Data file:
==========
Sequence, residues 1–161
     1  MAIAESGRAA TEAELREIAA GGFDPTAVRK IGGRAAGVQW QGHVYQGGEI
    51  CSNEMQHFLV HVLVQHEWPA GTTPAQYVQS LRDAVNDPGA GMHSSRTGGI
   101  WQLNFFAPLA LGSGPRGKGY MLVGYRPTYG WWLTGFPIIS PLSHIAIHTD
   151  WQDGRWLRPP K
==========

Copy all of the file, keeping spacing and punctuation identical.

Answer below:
Sequence, residues 1–161
     1  MAIAESGRAA TEAELREIAA GGFDPTAVRK IGGRAAGVQW QGHVYQGGEI
    51  CSNEMQHFLV HVLVQHEWPA GTTPAQYVQS LRDAVNDPGA GMHSSRTGGI
   101  WQLNFFAPLA LGSGPRGKGY MLVGYRPTYG WWLTGFPIIS PLSHIAIHTD
   151  WQDGRWLRPP K